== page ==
then, it's 6. two arithmetic progression with 6 are (2,4,6) && (0,3,6).
since i put all odd numbers right of 0 and there cant be any (even,even,odd) or (even,odd,odd) progression so, the odd differenced triples can be ignored. so, 6 should be inserted between (2,4) & the sequence will be: 2 6 4 0.
now, u've 2 insert 8. among the two progressions (4,6,8 ) & (0,4,8 ) the (0,4,8 ) is the most differenced one. put 8 between (4,0). as 6 & 8 will be in two different sides of 4, there cant be (4,6,8 ). the sequence will be:2 6 4 8 0
thus, for 10 : 2 10 6 4 8 0 (between 2 and 6 )
thus, for 12: 2 10 6 4 12 8 0 (between 6 and 0 )
the odd numbers can be put on a same way : 2 10 6 4 12 8 0 1 9 5 3 11 7
Recall that (even,even,odd) or (even,odd,odd) can't be an arithmetic sequence. First, initialize the list with 0 to n1, then we consider moving all even numbers to the left of the list, and all odd numbers to the right of the list.
Now, recursively, compute the left half of the list (even) and right half of the list (odd). To compute the left half, we first divide each number by 2, then we would get a similar subproblem. To compute the right half, we subtract 1 and then divide each number by 2, then we would also get a similar subproblem. In order to print the correct output, we must remember the original numbers. The algorithm has runtime O(n log n). The reason why it works is because if a sequence is antiarithmetic, then multiplication and/or addition each term by a constant would make the sequence stay antiarithmetic (in other words, solution to subproblems are valid). And also (even,even,odd) and (even,odd,odd) can't be arithmetic, so the 2 recursively computed sequences could be concatenated to form a single sequence (in other words, the 2 subproblems are independent). I'm sure it is less than 30 lines of code.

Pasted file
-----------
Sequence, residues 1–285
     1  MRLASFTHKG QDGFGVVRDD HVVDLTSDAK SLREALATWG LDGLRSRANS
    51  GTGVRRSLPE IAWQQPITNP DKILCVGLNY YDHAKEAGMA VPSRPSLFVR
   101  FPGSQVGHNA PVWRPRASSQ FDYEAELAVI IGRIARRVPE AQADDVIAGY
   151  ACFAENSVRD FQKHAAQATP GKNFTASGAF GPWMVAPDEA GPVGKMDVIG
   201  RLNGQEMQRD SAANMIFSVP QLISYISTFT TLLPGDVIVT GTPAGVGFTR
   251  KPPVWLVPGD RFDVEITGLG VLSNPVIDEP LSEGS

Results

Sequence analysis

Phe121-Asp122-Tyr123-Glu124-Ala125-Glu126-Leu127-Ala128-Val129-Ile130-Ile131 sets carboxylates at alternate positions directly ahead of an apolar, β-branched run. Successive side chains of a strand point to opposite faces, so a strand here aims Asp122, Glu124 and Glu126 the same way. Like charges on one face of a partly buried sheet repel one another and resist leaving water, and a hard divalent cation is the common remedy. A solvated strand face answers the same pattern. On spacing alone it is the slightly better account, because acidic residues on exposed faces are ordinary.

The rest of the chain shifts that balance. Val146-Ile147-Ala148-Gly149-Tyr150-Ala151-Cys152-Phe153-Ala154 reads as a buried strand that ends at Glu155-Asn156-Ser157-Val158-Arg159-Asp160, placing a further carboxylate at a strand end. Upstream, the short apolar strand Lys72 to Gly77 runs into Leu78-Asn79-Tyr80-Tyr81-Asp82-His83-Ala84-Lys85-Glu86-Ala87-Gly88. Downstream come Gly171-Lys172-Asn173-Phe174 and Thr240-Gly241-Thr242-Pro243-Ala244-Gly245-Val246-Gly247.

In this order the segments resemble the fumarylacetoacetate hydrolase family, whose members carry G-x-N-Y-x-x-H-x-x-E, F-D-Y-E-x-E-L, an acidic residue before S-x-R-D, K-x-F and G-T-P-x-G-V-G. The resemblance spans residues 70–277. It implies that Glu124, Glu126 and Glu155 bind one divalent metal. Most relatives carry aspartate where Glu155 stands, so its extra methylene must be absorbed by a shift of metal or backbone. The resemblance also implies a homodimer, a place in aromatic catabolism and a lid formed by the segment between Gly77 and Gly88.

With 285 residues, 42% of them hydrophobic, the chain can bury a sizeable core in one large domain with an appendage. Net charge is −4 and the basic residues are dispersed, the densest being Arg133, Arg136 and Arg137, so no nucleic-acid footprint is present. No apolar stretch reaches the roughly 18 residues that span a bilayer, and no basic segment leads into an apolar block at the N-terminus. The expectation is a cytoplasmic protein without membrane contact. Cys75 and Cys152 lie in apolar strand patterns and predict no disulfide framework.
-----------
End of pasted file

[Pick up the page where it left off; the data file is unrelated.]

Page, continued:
I can't quite prove that sunny's algorithm is correct, but I'm quite sure that mine is correct from the above.
i admit that sclo's algorithm is smarter than mine.
but i can prove the correctness of my algo.
when inserting 8 between (4,0) there cant be any progression like (8,6,4) cuz 8 is on right of 4.
look between the numbers 6,8,10,12... are inserted. it's like: (2,4),(4,0),(2,6),(6,0).....(2,k),(k,0),(2,k+2),(k+2,0).......
as 8 is inserted between (4,0), 6 should be between (2,4). so, 6 is on left of 4. so, there cant be any progression like (4,6,8 ).
but i can prove the correctness of my algo.
when inserting 8 between (4,0) there cant be any progression like (8,6,4) cuz 8 is on right of 4.
look between the numbers 6,8,10,12... are inserted. it's like: (2,4),(4,0),(2,6),(6,0).....(2,k),(k,0),(2,k+2),(k+2,0).......